In one or more exemplary embodiments, the functions described may be implemented in hardware, software, firmware, or any combination thereof. If implemented in software, the functions may be stored on or transmitted over as one or more instructions or code on a non-transitory computer-readable medium. Non-transitory computer-readable media includes both computer storage media and communication media including any medium that facilitates transfer of a computer program from one place to another. A storage media may be any available media that can be accessed by a computer. By way of example, and not limitation, such computer-readable media can comprise RAM, ROM, EEPROM, CD-ROM or other optical disk storage, magnetic disk storage or other magnetic storage devices, or any other non-transitory medium that can be used to carry or store desired program code in the form of instructions or data structures and that can be accessed by a computer. Also, any connection is properly termed a non-transitory computer-readable medium. For example, if the software is transmitted from a website, server, or other remote source using a coaxial cable, fiber optic cable, twisted pair, digital subscriber line (DSL), or wireless technologies such as infrared, radio, and microwave, then the coaxial cable, fiber optic cable, twisted pair, DSL, or wireless technologies such as infrared, radio, and microwave are included in the definition of medium. Disk and disc, as used herein, includes compact disc (CD), laser disc, optical disc, digital versatile disc (DVD), floppy disk and blu-ray disc where disks usually reproduce data magnetically, while discs reproduce data optically with lasers. Combinations of the above should also be included within the scope of computer-readable media.

While the foregoing disclosure shows illustrative embodiments of the invention, it should be noted that various changes and modifications could be made herein without departing from the scope of the invention as defined by the appended claims. The functions, steps and/or actions of the method claims in accordance with the embodiments of the invention described herein need not be performed in any particular order. Furthermore, although elements of the invention may be described or claimed in the singular, the plural is contemplated unless limitation to the singular is explicitly stated.

Claims (10)

What is claimed is:
1. A method of exchanging data between a user equipment (UE) and an application server in a wireless communications network, the UE configured to connect to both a wireless local area network (WLAN) and a wireless wide area network (WWAN), the application server being positioned within the WWAN behind a WWAN firewall and the WLAN including a WLAN network address translation (NAT) component and firewall such that the UE and the application server do not have a persistent data connection over the WLAN, comprising:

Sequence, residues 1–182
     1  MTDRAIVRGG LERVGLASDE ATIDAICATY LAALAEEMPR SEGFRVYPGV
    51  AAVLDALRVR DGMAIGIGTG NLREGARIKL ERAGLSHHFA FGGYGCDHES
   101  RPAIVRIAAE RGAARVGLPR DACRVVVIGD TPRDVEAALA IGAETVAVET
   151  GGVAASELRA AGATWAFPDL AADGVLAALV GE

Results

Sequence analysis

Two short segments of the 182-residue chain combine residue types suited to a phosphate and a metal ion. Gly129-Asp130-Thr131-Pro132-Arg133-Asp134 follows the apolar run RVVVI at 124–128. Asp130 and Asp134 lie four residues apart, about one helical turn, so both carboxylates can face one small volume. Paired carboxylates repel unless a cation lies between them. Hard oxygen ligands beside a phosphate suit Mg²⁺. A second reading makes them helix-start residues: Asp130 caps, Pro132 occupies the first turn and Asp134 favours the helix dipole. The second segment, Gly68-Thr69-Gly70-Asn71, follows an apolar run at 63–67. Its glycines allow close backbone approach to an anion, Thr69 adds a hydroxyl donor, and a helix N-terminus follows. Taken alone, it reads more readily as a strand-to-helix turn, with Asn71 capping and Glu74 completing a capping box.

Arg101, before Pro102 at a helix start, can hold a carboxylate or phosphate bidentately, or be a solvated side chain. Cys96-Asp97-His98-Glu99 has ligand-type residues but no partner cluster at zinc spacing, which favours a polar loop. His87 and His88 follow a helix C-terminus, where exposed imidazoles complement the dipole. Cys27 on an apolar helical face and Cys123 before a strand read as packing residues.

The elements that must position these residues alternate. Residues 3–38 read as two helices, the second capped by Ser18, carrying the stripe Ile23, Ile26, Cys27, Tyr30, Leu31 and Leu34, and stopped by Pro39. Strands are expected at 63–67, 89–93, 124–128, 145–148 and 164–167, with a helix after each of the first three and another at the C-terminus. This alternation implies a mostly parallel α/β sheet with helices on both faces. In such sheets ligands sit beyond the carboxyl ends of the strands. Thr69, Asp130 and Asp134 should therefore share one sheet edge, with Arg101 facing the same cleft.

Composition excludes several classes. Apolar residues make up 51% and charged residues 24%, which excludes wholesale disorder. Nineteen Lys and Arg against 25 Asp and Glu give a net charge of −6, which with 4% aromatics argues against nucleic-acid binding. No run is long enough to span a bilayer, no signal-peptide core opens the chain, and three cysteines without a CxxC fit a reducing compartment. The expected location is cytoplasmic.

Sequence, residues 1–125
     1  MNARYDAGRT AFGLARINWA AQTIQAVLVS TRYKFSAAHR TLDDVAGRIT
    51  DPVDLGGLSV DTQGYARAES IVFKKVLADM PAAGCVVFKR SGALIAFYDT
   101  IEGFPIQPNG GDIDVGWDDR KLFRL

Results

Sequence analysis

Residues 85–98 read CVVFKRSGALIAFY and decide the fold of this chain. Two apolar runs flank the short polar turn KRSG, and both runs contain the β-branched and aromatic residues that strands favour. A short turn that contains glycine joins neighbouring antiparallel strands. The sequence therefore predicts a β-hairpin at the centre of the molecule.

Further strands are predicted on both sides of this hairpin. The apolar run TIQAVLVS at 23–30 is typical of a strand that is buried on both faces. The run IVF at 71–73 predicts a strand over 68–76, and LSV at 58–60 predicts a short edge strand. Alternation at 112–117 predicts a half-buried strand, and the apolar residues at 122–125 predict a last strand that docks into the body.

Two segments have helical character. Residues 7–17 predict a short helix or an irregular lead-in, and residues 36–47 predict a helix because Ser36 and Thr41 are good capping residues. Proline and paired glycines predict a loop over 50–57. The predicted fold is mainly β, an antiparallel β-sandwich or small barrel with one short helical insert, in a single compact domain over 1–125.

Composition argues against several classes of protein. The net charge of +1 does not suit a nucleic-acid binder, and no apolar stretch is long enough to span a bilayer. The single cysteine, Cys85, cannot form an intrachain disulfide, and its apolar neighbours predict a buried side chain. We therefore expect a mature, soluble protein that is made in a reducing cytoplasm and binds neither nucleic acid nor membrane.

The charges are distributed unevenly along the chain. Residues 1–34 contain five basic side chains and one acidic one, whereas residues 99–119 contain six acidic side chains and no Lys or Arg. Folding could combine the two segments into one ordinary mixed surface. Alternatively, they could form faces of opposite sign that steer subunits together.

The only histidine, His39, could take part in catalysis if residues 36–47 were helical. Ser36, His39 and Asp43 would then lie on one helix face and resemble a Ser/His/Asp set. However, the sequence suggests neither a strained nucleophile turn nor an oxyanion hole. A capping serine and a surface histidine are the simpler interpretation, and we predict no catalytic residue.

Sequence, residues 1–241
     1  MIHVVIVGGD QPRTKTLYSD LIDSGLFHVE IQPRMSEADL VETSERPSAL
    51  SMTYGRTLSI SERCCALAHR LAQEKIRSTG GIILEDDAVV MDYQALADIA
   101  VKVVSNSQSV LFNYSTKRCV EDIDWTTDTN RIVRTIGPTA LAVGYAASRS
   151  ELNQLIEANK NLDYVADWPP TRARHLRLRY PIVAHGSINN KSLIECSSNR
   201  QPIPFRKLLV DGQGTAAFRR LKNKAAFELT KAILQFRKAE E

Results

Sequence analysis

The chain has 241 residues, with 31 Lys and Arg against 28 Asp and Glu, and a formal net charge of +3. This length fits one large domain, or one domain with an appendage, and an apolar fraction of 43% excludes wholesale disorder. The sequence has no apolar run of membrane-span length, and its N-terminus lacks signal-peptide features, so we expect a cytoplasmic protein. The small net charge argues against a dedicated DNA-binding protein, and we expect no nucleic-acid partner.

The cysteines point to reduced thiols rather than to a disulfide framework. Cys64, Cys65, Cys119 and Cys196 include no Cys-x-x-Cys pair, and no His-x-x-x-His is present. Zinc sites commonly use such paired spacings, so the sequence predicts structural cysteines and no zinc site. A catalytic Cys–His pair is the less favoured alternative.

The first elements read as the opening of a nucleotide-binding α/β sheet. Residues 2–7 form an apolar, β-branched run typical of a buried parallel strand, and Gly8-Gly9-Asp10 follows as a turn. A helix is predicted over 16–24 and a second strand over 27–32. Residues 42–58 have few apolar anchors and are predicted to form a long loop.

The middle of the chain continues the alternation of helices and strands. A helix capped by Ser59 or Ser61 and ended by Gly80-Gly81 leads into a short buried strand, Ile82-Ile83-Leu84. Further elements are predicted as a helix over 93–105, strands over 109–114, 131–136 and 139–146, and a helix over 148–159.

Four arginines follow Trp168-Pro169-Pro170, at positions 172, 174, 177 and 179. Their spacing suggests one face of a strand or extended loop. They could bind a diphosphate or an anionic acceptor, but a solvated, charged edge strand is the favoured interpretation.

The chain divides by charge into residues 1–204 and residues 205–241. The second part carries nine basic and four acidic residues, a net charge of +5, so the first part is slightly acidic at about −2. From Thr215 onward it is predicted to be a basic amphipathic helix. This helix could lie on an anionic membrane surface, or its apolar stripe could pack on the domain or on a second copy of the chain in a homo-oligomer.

exchanging data between the UE and the application server over the WWAN during a WWAN communication session;
determining to upload a file from the UE to the application server over the WLAN based on one or more session parameters;
obtaining, at the UE, WLAN connection information associated with a connection between the UE and the WLAN;
transmitting the WLAN connection information to the application server over the WWAN;
receiving, in response to the transmission, an indication that the application server has punched at least one hole in the WWAN firewall for file transfers from the UE over the WLAN; and uploading, in response to the indication, the file to the application server over the WLAN through the at least one hole punched in the WWAN firewall.
2. The method of claim 1, further comprising: determining that an initial attempt to upload the file to the application server over the WLAN is blocked by the WWAN firewall, wherein the obtaining, transmitting, receiving and uploading are performed responsive to the determination that the initial attempt is blocked by the WWAN firewall.
3. The method of claim 1, wherein the WLAN connection information relates to a performance level of the WLAN and includes one or more of a speed or bandwidth of the WLAN, a latency of the WLAN and/or a packet-drop rate of the WLAN.